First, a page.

Mayberry will have to find another way to honor its favorite deputy.

The Mount Airy, North Carolina, man who commissioned a statue of Don Knotts in full-on Barney Fife mode has ordered that the half-finished work be destroyed after one too many obstacles got in the project's way. Mount Airy, which served as the inspiration for The Andy Griffith Show's Mayberry, already has a likeness of Sheriff Andy Taylor walking with his son Opie.

"I'm just tired and emotionally drained from the last few months," restaurant owner Tom Hellebrand told the Associated Press. "I put my heart and soul into the statue project and I'm just drained."

Knotts, who won five Emmys playing Barney Fife, the always-bumbling sheriff's deputy with heroic aspirations, passed away Feb. 24 at the age of 81.

The work was underway, obviously, when Paramount/CBS withdrew its backing, saying it didn't have the authority to grant permission to create a likeness of Knotts, who helped make The Andy Griffith Show a big ol' hit from 1960 to 1965 (he left after the show's fifth season). The series was one of only three in history to end its run while still at the top of the Nielsen ratings, I Love Lucy and Seinfeld being the other two. Paramount/CBS still owns the rights to the show.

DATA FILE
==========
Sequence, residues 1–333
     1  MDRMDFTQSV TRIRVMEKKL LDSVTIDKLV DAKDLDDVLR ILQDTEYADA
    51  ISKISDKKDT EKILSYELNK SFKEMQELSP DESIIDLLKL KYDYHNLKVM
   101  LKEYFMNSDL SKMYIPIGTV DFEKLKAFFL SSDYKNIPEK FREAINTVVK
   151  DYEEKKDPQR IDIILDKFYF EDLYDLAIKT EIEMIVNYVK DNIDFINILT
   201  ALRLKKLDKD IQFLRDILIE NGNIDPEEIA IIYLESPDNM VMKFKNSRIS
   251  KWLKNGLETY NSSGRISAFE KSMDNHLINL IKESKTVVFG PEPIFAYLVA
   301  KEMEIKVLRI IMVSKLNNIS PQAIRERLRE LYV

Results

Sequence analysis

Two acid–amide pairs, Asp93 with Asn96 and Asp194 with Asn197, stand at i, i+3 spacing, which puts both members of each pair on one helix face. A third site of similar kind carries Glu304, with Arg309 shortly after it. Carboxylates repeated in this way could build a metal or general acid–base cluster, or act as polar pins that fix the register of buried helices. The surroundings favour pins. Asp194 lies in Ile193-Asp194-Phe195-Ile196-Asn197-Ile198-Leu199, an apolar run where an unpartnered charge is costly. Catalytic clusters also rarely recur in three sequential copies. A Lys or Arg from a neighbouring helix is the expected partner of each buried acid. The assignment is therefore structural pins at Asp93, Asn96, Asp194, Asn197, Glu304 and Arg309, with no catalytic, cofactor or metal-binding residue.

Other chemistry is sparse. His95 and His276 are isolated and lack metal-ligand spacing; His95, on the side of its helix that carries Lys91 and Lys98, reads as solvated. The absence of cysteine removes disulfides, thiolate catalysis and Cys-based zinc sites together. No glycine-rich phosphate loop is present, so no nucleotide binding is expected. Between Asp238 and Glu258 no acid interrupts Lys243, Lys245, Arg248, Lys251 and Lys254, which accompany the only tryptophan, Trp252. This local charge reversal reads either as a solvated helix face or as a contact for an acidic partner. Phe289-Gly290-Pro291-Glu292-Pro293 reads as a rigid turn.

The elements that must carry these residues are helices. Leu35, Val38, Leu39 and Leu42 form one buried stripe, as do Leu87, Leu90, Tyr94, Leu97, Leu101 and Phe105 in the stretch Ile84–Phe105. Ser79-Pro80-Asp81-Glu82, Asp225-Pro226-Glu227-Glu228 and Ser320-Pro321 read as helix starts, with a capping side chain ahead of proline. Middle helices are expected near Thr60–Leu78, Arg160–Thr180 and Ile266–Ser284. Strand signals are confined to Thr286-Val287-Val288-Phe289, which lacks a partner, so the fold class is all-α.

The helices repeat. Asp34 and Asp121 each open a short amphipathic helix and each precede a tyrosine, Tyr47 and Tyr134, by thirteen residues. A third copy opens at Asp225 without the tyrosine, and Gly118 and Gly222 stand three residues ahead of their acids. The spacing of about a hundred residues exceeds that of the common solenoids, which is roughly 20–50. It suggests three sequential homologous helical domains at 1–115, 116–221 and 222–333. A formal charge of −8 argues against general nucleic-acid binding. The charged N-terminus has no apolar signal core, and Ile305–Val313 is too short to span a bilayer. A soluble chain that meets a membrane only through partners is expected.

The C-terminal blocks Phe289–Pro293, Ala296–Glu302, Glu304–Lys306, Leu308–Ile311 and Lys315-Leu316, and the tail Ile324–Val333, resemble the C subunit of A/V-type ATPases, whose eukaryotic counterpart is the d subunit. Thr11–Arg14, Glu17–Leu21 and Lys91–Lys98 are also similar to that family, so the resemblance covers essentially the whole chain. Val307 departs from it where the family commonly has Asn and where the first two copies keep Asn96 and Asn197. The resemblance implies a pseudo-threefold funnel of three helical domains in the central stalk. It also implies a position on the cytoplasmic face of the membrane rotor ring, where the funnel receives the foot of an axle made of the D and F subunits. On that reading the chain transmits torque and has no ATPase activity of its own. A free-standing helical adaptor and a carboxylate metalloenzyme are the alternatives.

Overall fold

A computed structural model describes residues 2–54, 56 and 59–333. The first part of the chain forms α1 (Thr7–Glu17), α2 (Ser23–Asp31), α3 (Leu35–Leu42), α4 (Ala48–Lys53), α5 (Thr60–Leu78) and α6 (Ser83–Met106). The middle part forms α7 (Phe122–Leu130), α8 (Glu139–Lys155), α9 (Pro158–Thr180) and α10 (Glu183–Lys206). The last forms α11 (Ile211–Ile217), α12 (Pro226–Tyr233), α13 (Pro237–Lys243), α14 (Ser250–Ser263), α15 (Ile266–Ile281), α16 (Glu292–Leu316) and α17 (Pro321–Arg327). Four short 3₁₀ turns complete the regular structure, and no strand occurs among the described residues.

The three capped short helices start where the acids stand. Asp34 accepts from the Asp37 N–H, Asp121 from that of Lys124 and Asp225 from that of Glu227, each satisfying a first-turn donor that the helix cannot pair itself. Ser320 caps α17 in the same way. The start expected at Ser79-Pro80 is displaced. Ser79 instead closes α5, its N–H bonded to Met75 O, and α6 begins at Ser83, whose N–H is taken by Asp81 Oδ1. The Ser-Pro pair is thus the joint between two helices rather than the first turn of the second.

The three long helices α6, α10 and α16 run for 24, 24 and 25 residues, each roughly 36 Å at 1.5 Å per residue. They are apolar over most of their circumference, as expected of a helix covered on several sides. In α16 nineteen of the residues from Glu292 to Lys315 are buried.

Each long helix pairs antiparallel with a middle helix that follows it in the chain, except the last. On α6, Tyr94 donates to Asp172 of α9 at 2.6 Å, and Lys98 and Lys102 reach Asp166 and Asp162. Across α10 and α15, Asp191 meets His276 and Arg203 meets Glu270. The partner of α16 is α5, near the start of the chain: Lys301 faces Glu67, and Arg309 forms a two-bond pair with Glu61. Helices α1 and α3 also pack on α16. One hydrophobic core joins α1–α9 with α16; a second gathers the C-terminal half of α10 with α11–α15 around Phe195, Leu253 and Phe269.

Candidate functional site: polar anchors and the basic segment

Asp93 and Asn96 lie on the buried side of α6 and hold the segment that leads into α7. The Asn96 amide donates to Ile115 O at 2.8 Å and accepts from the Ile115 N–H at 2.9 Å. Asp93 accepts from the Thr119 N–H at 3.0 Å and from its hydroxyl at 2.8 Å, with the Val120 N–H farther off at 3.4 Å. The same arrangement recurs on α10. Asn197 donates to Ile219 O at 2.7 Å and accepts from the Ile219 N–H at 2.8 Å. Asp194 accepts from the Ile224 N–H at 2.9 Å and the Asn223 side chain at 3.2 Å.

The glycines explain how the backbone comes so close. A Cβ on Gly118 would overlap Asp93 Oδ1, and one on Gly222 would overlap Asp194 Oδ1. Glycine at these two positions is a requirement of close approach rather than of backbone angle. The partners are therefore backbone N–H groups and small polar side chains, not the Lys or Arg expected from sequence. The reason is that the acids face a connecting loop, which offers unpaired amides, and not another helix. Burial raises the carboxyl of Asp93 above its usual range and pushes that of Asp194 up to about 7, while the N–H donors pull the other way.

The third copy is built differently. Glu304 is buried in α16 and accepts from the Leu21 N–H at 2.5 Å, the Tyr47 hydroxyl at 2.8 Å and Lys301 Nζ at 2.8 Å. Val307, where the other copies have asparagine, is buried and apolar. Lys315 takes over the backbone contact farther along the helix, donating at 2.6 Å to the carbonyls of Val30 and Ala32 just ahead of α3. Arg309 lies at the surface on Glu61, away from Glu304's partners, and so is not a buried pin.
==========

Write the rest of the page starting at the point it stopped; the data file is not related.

Hellebrand originally offered the unfinished statue to anyone who could somehow obtain the go-ahead, but after refused to return the $9,000 he had already spent on the work and CBS offered to reimburse him only after the statue had been destroyed, the Andy Griffith fan had to do the unthinkable.

He's also selling his restaurant, the Mayberry Kountry Kitchen, and wants to wash his hands of most things Mayberry, the AP reported, but he still plans to live nearby.

"I appreciate the fans," Hellebrand said. "They are truly sorry this happened. They just don't get it. I don't get it. It's going to take a while to get over."

Knotts' widow, Francey, and Griffith were also on board with the idea of a statue commemorating Knotts, but they thought that it should be erected in his hometown of Morgantown, West Virginia, and that it should depict Knotts himself rather than his most famous character.

"No one cares more about Don's image than we do," Francey Knotts and Griffith said in a statement.

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